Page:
I have been working on accessing the from userspace by memory-mapping the SPI registers,

I have been working on accessing the #beagleboneblack #SPI from userspace by memory-mapping the SPI registers, and I wanted to make a post about it to see if anyone else has been working on something similar so that we can compare notes. This work comes from my observation that, when using the spidev driver, the ioctl() call to TX/RX a SPI message (SPI_IOC_MESSAGE()) takes far longer than the actual time spent performing the TX/RX. I have always mmap()'d the GPIO registers to interact with the GPIO pins, so why not do the same thing with the SPI registers?

I’m still using the spidev driver, but not for the actual transmission. I set up the device tree overlay to mux for SPI0, and I open and configure the SPI0 channel via ioctl() calls to “/dev/spidev1.0”. I also mmap() the SPI registers (MCSPI_CH0CONF/STAT/CTRL, MCSPI_TX0/RX0, etc.) by opening “/dev/mem” and mapping a single 4K page at the base address of 0x48030000. For each message transmission, I set up MCSPI_CH0CONF for the various transmission settings and to lower the CS signal, poll the CHSTAT RX and TX status bits in MCSPI_CH0STAT, and write/read the MCSPI_TX0/RX0 registers to handle the data transmission. After the transmission is done, the CS signal is raised again via MCSPI_CH0CONF.

Overall, it works well. I am able to quickly change transmission modes (POL/PHA), speeds (48MHz clock divider), word size, etc. without the ioctl() calls, and I can gate GPIO pins with the CS to talk to multiple SPI slave devices. Since I can control the speed and configuration on-the-fly quickly for each message, I can talk to many different slave devices at different speeds on different messages without the overhead of the ioctl() calls to change the channel settings.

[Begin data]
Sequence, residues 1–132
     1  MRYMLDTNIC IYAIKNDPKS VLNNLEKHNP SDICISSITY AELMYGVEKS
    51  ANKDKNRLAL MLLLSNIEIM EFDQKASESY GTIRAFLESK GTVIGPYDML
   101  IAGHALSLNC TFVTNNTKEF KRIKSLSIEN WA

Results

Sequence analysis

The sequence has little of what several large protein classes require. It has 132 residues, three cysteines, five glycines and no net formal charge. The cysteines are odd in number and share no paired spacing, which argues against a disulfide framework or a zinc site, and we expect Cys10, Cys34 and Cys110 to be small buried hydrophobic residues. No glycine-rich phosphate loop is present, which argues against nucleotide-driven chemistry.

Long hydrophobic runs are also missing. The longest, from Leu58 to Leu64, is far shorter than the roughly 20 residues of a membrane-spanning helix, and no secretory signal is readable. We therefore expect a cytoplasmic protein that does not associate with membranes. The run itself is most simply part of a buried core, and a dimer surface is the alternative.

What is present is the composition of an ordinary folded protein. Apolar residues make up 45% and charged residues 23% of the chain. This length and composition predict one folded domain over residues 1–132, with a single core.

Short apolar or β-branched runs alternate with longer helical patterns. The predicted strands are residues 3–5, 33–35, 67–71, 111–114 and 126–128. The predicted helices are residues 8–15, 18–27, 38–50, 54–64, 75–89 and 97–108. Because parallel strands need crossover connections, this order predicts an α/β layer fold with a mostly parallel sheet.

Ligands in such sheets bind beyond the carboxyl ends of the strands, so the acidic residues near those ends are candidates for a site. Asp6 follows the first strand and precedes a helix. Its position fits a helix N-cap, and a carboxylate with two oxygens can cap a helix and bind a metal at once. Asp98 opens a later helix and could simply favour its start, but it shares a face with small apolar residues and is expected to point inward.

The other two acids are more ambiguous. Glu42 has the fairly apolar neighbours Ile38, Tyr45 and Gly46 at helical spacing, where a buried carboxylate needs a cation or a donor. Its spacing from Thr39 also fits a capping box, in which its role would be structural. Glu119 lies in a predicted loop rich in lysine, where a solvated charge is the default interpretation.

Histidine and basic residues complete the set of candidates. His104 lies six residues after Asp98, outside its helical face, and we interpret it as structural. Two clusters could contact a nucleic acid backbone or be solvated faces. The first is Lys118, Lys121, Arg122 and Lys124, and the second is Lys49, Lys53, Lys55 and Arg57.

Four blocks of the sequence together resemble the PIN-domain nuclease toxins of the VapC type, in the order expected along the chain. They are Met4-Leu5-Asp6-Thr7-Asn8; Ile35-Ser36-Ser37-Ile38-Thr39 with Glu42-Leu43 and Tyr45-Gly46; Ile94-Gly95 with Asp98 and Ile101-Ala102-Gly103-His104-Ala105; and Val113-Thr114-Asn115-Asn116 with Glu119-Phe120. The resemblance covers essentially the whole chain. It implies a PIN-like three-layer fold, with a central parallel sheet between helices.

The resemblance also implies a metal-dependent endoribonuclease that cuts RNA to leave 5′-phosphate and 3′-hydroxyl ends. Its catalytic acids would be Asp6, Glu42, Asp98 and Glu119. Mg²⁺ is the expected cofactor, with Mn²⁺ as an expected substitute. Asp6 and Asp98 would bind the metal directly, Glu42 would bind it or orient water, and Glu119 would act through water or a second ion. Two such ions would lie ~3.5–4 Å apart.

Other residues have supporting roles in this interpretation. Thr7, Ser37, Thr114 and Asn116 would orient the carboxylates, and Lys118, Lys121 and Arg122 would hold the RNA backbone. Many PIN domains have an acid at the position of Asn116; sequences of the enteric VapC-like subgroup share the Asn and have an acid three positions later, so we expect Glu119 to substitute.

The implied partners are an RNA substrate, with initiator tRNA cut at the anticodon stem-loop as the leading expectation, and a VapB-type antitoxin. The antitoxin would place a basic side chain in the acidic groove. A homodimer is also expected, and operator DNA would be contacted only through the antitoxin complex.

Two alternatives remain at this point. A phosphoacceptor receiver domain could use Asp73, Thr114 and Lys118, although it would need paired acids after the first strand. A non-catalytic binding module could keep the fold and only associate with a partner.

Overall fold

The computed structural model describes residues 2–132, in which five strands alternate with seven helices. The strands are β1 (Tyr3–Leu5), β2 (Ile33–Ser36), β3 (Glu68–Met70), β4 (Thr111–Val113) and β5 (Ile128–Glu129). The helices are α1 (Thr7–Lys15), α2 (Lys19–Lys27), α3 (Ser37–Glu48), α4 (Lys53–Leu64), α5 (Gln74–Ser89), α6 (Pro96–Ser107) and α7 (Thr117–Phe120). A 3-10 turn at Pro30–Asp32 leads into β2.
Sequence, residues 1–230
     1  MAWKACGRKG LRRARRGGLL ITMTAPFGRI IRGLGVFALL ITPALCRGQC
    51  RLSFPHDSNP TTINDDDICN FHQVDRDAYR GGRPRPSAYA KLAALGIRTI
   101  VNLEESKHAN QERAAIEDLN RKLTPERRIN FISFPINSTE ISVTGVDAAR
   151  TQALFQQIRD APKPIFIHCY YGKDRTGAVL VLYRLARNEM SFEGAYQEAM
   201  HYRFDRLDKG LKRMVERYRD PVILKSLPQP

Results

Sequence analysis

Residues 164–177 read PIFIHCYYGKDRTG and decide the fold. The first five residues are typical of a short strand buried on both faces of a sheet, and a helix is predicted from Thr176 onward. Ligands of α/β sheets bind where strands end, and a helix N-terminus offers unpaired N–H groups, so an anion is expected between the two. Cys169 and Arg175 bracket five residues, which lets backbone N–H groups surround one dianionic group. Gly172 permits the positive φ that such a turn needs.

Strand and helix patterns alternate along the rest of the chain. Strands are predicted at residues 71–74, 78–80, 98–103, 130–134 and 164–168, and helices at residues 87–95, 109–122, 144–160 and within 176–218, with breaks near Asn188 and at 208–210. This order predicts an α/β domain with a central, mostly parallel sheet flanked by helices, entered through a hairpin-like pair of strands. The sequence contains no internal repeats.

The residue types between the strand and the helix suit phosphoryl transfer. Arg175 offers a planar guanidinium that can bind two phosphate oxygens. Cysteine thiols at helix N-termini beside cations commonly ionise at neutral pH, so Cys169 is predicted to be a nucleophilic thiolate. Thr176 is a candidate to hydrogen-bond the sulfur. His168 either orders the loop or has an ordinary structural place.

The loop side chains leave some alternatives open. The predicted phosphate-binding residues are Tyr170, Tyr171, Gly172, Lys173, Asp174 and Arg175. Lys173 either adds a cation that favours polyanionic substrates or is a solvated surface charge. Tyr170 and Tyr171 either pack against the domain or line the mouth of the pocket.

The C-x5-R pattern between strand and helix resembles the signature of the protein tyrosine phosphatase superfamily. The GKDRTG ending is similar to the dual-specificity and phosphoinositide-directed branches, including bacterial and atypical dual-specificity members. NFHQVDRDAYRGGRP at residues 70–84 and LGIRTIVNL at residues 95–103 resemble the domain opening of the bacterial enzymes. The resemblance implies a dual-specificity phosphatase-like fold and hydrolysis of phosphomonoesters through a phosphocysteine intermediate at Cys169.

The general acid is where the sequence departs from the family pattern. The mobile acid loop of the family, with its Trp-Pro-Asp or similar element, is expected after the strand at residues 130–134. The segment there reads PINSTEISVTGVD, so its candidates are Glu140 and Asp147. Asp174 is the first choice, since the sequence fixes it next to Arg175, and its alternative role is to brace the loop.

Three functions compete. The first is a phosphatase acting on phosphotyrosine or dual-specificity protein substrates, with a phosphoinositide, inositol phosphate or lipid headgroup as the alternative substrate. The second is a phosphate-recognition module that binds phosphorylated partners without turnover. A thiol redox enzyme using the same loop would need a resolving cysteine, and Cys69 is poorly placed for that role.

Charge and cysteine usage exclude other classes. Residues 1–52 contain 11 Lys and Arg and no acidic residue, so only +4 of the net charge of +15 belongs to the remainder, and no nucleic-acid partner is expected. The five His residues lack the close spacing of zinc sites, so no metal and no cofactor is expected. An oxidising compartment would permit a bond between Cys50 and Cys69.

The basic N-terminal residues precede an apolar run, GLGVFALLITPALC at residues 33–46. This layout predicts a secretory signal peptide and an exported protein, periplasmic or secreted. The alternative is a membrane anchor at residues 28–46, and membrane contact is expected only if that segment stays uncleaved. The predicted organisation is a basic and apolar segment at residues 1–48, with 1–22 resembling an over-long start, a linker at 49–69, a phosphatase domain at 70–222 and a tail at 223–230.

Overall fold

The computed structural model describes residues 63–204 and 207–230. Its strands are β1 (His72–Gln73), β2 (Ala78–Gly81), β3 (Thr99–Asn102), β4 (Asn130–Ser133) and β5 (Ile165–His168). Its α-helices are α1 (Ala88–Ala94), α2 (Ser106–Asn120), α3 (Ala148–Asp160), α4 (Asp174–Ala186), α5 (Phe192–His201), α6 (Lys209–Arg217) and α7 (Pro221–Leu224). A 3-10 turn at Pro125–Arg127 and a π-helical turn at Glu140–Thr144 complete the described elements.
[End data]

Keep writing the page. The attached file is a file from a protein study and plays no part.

Looking at my scope’s output, I can see that the signal looks good (even at the full 48MHz clock speed). I’ve found that if you slam the MCSPI_CH0STAT by polling it over and over, you will receive a bus error. But, if you poll only 500 or 1000 times before timing out, it works out better. Also, you can probably busy-wait a bit more between checks. You’ll want to usleep() immediately prior to sending your message(s) to ensure that you’re sending your SPI data from userspace at the start of your current timeslice. You could use sched_setscheduler() to boost the priority of your SPI comm thread to real-time priority, but I didn’t see the benefit in this. If you need real-time guarantees, you can always use the PRU to talk to the SPI registers.